Public health

Blood supply faces challenges due to decline in RhD negative blood donors


Australia is faced with the challenge of rising demand for universal RBC units from group O RhD-negative donors at a time when donations from this group are in decline.

The first national data update on ABO RhD blood groups since the mid-90s has revealed that Australia’s RhD negative blood in first time blood donations have declined to just 16.2% in 2019.

A study on this data has been published in the Medical Journal of Australia. The blood group results were provided by 28 pathology agencies, and included over 1.3 million patients, and almost 500,000 blood donors.

“In our study we report that the proportion of Australians with O negative blood group has decreased from a prevalence of about 9% in 1993/94 to 7% in 2019.  In fact, what we saw was that the overall proportion of RhD negative individuals has decreased from 19% in 1993/94 to 14% in 2019,” senior research fellow at Australian Red Cross Lifeblood and first author of the study Dr Rena Hirani told the limbic.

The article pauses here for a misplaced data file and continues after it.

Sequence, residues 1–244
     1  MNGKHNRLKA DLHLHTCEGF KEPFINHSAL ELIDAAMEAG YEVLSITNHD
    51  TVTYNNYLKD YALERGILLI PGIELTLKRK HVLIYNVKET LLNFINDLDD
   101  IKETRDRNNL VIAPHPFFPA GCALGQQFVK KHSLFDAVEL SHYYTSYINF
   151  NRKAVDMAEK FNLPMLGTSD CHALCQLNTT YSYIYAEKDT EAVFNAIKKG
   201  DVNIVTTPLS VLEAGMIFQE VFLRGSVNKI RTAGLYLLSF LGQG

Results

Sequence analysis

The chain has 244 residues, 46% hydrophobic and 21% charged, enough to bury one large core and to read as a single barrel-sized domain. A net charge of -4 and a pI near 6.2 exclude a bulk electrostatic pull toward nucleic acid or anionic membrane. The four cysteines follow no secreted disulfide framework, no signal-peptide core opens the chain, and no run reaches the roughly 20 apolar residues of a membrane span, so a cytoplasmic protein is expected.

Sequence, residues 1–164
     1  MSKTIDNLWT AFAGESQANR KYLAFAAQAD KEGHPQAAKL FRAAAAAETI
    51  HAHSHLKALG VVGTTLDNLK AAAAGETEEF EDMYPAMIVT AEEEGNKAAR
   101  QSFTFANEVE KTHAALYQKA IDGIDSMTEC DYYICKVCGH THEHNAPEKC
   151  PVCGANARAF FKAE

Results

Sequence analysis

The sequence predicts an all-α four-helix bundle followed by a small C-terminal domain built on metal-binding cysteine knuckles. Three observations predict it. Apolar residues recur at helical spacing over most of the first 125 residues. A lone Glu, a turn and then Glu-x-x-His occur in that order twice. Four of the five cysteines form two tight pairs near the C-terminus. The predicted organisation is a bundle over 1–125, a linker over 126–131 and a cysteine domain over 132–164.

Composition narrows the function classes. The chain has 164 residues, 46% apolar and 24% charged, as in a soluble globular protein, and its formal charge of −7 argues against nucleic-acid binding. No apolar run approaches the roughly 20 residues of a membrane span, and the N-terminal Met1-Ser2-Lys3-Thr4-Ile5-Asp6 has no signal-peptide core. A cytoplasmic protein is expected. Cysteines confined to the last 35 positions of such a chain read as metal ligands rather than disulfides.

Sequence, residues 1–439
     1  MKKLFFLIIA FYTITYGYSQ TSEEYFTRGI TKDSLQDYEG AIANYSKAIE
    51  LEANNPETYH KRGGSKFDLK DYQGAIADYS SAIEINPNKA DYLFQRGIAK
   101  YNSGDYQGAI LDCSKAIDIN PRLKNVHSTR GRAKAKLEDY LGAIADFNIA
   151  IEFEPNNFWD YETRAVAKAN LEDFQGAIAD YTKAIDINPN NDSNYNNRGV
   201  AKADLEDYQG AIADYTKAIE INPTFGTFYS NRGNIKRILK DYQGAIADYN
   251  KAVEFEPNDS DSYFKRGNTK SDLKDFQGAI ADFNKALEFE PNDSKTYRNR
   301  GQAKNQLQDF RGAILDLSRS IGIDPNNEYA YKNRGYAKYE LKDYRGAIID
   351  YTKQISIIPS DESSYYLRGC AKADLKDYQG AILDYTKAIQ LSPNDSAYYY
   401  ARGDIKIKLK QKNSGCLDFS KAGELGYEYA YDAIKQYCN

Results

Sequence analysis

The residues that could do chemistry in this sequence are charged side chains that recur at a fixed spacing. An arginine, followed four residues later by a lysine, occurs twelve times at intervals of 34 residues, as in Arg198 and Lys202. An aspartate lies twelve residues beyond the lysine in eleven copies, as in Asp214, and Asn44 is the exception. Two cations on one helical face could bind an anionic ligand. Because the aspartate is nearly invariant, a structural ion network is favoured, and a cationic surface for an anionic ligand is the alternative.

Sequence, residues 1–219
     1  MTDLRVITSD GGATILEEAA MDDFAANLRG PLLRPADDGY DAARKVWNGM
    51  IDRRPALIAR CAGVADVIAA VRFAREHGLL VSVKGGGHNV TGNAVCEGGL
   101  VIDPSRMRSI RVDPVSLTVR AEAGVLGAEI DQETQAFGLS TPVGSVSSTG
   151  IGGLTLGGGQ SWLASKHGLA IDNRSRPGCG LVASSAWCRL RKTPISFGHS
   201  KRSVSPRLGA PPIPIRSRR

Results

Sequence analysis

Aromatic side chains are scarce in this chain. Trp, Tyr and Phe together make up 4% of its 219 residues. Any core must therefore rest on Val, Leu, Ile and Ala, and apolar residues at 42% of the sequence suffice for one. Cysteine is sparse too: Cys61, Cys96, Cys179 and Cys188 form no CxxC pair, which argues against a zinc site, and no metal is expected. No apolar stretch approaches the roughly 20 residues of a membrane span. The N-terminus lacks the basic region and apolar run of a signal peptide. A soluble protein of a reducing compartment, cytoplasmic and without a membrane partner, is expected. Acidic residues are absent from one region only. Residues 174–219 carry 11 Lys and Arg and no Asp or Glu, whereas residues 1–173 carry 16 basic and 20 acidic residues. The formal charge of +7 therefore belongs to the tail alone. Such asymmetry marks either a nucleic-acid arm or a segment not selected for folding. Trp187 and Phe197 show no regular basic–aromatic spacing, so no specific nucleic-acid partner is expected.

“This finding is most likely linked to that fact that immigration into Australia from countries such as China, India and South East Asia has increased in the last 10 years and that RhD positive blood groups are more prevalent in these countries.”

The team also showed that the percentage of Australians with blood group B had increased from 8% in the 90s to 12% in 2019 and blood group AB had increased from 2% to 4% in the same timeframe.

This provided important information about what types of blood will be required in hospitals in the upcoming years, as well as what can realistically be collected as blood donations, the authors said.

“The current demand of O negative is 15% of hospital orders but only 7% of the population has this type.  It will become increasingly challenging to collect O negative blood into the future,” explained Dr Hirani.

If the trend continued continues, it’s possible in the future that we may see O positive more widely used in emergencies, as our O negative population continues to decline, Dr Hirani said.

“Providing evidence to show that nearly 86% of the population is RhD positive could encourage discussion around whether O positive can be used more frequently during emergencies situations, particularly as some states and territories of Australia have more RhD positive individuals than others,” she said.

“O negative can be given in emergency situations where a patient’s blood group is unknown and is often stocked in ambulances and rescue helicopters. Just one trauma patient can need huge quantities of blood in a short amount of time, which is why it’s so important for us to have this on hand.”

Lifeblood says it needs 12,000 new donors of all blood types every month to continue meeting the need for blood.

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